American Society has become immediate communications centric, and there's valuable marketing lesson in this "device addiction." Here’s how hospital and healthcare professionals can get in front of this trend.
Poring over marketing numbers as we often do, we find that nearly everyone has a cell phone. About 87 percent of US adults, according to Pew Internet. No surprise there. (Not to mention that some folks have more than one cell phone.)
But stick with me, the stats get more interesting as we peel this onion. It seems that nearly half (45 percent) of cellular subscribers are Smartphone owners. Another source (IDC Research) says that about half the total American population uses Smarphones. And that is projected to grow to 68 percent by 2017.
Now here’s were the numbers become even more amazing: Better than 90 percent of all Smartphone users say they have their phones within reach 24 hours a day, seven days a week. (Morgan Stanley)
Let that sink in for a minute. With numbers exceeding nine out of 10 people, within arm’s reach, Smartphones aren’t just popular, the consumer public depends on mobile devices. And, unlike other media, marketers can be connected to this audience virtually all the time.
Consider the IDC Research finding that four out of five Smartphone users check their phones within the first 15 minutes of waking up. Eighty percent of those say it’s the first thing they do in the morning. Some might say we’re addicted to them. Obsessed? The average person takes 26 hours to report a lost wallet, but they will report a lost phone in only 68 minutes. [Unisys]
And this doesn’t account for tablet computers…31 percent of American adults own one of those mobile devices. Tablets are on track to outsell PCs this year, and overtake laptops next year. (IDC Research)
The traditional label of “Smartphone” is a misnomer.
Maybe they should be called “Ever-Present, Always Connected, Pocket Computers” (EPACPC). “Smartphone” is not a good fit considering the device does far more other than make/receive phone calls. (We promise to re-think the EPACPC tag.)
It’s the Internet that brings the “smarts” to the phone and that’s mainly what drives our near-addiction love affair. About 55 percent of adult cell owners use the Internet on their mobile phones. And better than 30 percent of users go online via their cell phone (and not using a desktop or laptop).
In addition to the ability to make phone calls and connect to the Internet, our “device dependence” provides a number of important considerations for hospital and healthcare marketing. These include:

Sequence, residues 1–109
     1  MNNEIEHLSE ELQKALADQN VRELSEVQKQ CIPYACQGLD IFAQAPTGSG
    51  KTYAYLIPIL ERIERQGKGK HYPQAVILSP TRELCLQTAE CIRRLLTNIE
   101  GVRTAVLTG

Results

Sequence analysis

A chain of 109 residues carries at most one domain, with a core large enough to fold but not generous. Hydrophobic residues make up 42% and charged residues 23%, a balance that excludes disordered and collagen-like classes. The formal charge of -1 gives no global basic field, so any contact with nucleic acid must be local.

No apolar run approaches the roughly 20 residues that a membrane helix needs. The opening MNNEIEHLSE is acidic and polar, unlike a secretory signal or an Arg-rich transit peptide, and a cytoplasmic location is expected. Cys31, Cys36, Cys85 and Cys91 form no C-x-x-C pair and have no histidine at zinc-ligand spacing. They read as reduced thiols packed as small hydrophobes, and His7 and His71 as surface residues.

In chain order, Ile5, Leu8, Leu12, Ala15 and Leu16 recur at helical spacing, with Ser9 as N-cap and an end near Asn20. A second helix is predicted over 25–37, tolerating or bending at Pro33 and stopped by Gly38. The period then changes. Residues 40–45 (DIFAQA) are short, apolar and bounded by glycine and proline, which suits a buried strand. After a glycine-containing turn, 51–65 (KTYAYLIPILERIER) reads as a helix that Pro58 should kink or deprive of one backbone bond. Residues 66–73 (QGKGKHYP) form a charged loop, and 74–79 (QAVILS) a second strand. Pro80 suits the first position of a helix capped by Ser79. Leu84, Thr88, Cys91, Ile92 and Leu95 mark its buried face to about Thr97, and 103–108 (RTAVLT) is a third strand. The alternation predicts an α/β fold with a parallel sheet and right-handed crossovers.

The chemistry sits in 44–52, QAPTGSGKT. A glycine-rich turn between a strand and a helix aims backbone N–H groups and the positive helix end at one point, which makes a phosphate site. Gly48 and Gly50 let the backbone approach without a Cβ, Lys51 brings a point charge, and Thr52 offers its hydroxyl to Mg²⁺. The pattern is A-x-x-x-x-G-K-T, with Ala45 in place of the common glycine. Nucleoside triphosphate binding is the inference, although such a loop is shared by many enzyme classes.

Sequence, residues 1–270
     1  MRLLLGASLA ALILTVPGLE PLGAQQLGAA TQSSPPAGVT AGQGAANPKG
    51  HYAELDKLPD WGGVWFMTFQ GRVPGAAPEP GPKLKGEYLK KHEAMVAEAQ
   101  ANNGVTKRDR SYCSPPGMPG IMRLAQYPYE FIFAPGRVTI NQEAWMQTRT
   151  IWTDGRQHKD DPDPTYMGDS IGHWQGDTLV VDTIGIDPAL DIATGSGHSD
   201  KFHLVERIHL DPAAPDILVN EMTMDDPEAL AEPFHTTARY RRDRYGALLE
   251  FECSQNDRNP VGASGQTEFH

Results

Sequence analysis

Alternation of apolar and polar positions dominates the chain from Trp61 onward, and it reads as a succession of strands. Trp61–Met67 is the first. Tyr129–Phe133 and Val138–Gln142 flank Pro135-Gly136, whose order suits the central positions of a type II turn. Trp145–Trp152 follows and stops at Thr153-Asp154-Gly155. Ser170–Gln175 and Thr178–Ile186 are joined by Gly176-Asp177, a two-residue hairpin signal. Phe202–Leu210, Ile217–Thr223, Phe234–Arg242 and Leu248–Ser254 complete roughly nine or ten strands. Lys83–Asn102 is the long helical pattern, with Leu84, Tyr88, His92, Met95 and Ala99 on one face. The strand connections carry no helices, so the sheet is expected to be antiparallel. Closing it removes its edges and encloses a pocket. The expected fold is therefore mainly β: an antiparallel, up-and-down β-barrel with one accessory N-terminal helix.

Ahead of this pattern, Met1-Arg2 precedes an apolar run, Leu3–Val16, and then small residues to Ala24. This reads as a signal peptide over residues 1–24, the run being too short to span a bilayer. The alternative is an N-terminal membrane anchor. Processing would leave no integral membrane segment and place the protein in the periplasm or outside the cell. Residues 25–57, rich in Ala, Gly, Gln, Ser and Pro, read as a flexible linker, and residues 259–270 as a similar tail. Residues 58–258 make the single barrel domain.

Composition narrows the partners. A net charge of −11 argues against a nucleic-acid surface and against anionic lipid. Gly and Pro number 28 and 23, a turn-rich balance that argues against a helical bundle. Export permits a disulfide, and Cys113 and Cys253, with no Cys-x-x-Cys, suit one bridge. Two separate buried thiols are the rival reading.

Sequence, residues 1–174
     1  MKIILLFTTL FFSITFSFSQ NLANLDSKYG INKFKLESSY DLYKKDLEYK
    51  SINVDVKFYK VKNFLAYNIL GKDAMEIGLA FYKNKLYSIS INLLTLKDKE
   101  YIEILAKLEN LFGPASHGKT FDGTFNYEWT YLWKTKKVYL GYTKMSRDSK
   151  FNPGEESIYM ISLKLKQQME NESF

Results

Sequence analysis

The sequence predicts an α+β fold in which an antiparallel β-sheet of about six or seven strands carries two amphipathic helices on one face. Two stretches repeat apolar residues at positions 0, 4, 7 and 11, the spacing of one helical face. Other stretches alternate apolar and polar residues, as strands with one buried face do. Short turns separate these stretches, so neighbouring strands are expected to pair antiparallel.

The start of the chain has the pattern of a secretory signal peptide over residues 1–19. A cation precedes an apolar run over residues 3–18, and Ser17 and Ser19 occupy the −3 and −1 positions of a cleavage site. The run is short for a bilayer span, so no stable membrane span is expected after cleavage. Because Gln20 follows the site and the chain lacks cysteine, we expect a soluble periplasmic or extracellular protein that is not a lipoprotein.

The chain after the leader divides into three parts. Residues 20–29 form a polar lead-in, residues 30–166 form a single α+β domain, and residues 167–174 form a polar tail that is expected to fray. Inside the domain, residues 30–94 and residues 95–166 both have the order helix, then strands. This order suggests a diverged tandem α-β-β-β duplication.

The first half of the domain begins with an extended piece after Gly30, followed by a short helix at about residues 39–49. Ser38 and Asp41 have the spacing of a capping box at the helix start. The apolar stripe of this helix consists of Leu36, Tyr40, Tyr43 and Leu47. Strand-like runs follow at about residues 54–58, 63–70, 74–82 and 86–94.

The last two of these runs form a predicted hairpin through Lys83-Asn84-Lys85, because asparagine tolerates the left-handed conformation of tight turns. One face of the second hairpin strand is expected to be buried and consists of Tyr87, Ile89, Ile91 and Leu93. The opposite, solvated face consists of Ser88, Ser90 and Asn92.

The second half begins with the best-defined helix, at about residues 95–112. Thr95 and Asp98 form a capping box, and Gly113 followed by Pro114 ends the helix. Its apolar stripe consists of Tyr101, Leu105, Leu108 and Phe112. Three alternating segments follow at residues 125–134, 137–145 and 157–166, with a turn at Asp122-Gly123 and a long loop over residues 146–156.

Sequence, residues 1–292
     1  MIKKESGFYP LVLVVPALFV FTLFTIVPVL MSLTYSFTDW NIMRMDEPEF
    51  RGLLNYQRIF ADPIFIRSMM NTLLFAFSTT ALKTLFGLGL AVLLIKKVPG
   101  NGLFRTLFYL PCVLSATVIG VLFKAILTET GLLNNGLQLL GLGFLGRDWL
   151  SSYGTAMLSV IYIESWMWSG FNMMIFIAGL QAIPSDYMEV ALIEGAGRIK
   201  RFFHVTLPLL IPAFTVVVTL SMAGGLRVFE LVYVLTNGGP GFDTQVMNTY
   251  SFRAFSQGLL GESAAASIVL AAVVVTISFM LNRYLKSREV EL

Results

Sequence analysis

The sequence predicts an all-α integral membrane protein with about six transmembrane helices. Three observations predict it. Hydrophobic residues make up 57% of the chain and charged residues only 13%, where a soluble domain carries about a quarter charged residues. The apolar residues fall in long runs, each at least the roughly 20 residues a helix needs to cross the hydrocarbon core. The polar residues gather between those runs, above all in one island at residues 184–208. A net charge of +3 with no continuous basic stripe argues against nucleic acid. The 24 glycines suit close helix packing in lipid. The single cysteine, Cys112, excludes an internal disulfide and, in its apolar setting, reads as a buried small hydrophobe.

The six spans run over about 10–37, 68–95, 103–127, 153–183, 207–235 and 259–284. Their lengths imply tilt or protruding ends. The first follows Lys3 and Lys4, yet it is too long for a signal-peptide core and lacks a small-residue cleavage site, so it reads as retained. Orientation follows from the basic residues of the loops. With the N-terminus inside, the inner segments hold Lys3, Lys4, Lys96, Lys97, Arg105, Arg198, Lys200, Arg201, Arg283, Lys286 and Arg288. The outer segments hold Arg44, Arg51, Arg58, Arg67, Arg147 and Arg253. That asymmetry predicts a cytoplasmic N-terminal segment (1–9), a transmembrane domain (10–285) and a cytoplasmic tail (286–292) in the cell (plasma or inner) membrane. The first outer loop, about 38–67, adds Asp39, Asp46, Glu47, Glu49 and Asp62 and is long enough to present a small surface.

IT'S IMMEDIATE: Pew Research calls it “just in time” information, and about 62 percent of the entire population has done one or more of the following immediate functions via Smartphone.
What’s more, it takes 90 minutes for the average person to respond to an email, according to CTIA.org, but the average person responds to a text message in 90 seconds.
IT'S CONVENIENT: The constantly-available pocket device enables anyone to connect with anyone at anytime. Better than half of the population is reliant on being connected and engaged from anywhere they happen to be at that moment.
IT'S ENABLING: Nearly three-quarters of all mobile searches, according to Borrell Associates research, leads to a near-term action. In short, when mobile users search for something, 70 percent of the time they are ready to learn, buy, call, visit or take some action right away.
Other surveys reflect similar results. Nine out of 10 mobile searches lead to action, over half leading to purchase. [Search Engine Land] Google says 61 percent of local searches on a mobile phone result in a phone call. In marketing terms, the mobile user lead-to-sale conversion cycle takes only a moment.
Mobile marketing and leveraging the unprecedented connectivity of Smartphones should be a priority for hospital and healthcare communications professionals. “Smartphones have revolutionized how we communicate, socialize, share and connect,” IDC reports.
It’s a clear and present mainstream shift that will continue to grow. “As more mobile devices—even beyond Smartphones—are adopted, social, sharing and communications will expand even further than where we are today, enabling people to engage, discover and interact in wholly new ways.